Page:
The boys and I had just started on our way home from school (11/7) and got out of the tram (the street car) to enter the Metro. I suddenly realized that Kerith’s backpack was not in its mandatory (on his back) location. The tram was just ahead of us, and we dashed to try to get its attention or beat it to the next stop. Despite how slow they go, this was rush hour, and there were too many obstacles between us and it. With all his school books, homework, and an article of clothing or two, defeat was no option, but I had no clue how to track it down.
Think fast, man!
As we watched it chug off over the bridge across the Neva and into the sunset, I followed the only plan I could think of: we made our way across the street and began to hail a car. Around here, people “vote” for cars all the time by holding out their arm (not just the thumb) and private car owners earn an extra few rubles by taking people with them if they are going in the same general direction. Yet no one was stopping! I pulled the boys out from the curb with me where I was in the road to increase the sympathy factor, but it must have taken me 3 minutes and over a hundred cars before one finally stopped.
Our man wasted no time and flew across the bridge. I still hoped the tram was not far ahead and easy to catch in the heavy traffic, but, alas, I had lost track of how long I had waited. We got to the other side and followed the tracks to the right, and then did a full stop. The tracks split, and I had never noticed the number of the tram, otherwise I could follow the route on my transportation map. We sat there for a minute while I studied the map and guessed which direction it might have gone before finally taking a guess: go right again.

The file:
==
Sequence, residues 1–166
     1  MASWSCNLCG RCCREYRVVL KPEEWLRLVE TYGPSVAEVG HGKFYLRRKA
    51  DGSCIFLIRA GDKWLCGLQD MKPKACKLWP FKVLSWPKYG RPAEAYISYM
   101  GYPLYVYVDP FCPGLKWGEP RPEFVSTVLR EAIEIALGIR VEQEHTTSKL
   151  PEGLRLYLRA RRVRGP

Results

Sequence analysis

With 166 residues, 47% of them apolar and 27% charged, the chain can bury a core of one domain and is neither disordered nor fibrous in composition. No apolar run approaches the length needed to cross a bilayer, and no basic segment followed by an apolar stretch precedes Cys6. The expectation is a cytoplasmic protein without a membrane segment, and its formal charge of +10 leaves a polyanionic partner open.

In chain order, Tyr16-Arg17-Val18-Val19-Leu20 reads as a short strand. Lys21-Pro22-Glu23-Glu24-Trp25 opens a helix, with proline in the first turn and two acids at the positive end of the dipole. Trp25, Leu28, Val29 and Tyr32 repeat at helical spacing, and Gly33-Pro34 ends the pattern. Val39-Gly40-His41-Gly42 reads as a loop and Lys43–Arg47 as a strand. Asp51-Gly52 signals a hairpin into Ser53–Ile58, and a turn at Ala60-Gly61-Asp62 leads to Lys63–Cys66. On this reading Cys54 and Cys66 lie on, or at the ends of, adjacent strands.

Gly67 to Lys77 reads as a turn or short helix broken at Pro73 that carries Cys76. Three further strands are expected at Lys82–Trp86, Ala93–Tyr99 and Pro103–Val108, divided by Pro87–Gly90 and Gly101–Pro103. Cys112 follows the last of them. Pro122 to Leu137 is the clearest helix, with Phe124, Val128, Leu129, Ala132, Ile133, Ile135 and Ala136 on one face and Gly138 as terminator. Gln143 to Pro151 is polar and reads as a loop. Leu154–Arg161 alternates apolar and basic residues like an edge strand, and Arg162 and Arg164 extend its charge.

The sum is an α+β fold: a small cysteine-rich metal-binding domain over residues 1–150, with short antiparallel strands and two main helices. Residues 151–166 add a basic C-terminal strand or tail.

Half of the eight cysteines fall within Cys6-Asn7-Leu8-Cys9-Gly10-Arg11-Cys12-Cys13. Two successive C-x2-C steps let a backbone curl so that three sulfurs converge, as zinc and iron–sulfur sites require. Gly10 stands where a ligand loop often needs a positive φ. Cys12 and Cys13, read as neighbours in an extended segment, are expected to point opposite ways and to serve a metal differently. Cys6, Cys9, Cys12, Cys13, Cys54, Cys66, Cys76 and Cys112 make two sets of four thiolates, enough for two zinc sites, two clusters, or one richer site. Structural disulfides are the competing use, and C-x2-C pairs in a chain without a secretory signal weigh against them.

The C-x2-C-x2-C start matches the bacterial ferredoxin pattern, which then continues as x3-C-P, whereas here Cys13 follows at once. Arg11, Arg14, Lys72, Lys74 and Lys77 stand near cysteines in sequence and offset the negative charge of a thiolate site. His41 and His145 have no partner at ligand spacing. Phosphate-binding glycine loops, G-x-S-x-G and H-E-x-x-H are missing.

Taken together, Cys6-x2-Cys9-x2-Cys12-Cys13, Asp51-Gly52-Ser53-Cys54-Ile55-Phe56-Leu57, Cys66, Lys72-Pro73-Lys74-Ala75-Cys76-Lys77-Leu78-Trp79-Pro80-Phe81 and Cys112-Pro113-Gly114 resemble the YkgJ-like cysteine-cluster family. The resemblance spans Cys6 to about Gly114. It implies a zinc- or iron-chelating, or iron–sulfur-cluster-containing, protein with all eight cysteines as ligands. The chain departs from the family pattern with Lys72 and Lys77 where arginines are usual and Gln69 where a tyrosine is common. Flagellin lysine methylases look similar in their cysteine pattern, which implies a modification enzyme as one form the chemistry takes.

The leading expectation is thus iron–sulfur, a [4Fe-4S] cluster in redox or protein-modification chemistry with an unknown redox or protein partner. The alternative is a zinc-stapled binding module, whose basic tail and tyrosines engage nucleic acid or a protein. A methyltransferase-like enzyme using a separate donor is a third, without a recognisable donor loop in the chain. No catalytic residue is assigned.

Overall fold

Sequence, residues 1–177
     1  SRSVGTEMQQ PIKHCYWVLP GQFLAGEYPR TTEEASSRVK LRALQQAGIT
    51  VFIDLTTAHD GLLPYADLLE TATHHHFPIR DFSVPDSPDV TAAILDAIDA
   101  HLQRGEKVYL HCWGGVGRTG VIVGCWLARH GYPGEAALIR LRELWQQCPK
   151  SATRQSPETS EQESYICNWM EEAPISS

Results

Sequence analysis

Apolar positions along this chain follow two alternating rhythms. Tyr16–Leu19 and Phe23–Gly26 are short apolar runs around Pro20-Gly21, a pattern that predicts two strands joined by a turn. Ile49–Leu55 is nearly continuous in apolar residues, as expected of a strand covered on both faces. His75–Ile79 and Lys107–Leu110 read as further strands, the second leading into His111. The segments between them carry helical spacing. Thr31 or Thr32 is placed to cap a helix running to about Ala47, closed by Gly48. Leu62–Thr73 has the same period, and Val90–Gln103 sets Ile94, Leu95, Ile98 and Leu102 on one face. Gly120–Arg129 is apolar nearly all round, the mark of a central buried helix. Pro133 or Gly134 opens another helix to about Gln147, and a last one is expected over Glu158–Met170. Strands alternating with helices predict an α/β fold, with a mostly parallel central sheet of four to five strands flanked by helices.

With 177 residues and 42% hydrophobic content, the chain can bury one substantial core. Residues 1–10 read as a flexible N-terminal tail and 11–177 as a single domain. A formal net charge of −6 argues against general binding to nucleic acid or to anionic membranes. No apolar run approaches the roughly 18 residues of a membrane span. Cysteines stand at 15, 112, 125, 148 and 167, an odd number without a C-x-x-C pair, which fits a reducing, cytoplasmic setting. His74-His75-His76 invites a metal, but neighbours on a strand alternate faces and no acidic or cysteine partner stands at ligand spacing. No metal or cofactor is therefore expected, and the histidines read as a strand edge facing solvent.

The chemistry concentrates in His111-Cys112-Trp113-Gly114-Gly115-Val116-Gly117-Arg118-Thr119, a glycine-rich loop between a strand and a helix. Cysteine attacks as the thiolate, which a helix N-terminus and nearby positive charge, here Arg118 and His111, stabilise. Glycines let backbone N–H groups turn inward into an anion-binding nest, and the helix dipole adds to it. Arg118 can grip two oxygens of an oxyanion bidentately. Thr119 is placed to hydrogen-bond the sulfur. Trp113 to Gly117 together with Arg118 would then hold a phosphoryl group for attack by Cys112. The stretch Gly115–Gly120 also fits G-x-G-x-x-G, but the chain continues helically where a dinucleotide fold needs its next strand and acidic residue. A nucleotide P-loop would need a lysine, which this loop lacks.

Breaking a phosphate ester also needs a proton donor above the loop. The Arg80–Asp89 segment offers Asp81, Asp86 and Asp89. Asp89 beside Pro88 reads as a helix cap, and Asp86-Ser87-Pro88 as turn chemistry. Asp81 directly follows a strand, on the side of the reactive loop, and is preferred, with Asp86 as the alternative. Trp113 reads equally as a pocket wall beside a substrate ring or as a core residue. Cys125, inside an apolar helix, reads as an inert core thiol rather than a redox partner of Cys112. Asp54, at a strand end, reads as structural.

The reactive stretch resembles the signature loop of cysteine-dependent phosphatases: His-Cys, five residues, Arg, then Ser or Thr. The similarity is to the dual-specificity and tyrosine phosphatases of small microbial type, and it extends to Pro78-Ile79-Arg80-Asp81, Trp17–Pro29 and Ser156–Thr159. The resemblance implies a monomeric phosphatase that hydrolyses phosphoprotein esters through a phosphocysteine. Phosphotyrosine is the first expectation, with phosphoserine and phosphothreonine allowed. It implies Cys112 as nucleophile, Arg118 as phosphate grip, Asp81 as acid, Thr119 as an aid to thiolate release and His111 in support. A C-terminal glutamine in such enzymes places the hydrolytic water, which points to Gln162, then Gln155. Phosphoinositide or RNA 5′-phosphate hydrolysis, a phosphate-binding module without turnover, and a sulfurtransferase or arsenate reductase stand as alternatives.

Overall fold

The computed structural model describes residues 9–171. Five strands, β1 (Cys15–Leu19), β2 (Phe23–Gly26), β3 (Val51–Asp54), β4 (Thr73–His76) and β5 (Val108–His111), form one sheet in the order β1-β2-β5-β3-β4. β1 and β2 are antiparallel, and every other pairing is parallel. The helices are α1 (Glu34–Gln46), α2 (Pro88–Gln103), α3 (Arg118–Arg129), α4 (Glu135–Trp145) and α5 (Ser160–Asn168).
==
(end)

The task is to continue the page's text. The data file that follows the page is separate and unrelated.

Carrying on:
It was another 10 minutes of stop-and-go traffic before we saw any tram at all, and all I could verify was that it was the right color. The boys were doing well, but stressed. Simon quietly whimpered, wanting to go home. The tram was turning around at its end point, and our man pulled over at the next stop. To my amazement, he offered to wait while I checked to see if it was the right one.
Praise be, it was the correct tram, and the conductor was sitting with Kerith’s backpack, stupefied that we had caught up with them. We jumped back in the car with a huge load off our shoulders (but a good load back on Kerith’s). For some reason, I pulled out the map again to check the number’s route (69). The blood left my face as I realized that the 69 should have turned to the left! The map was wrong, or this tram was off route.
This was too much to handle. Why was this guy being so nice? Why did he not want to take off as soon as he had got us to the backpack? In fact he took us all the way back to where we started, and I had to press him to admit that he had now missed the appointment he was going to before helping us, and so he was just heading back.
I studied his face carefully, wondering, is that regular skin, or are we being escorted by an angel? I listened to the music on the radio. Nope, not a Christian station, but, hey, angels could listen to cool music too, I suppose. In the end, he did take what I thought a modest payment for his time and gas. I decided angels don’t need money.
But he sure was sent from God.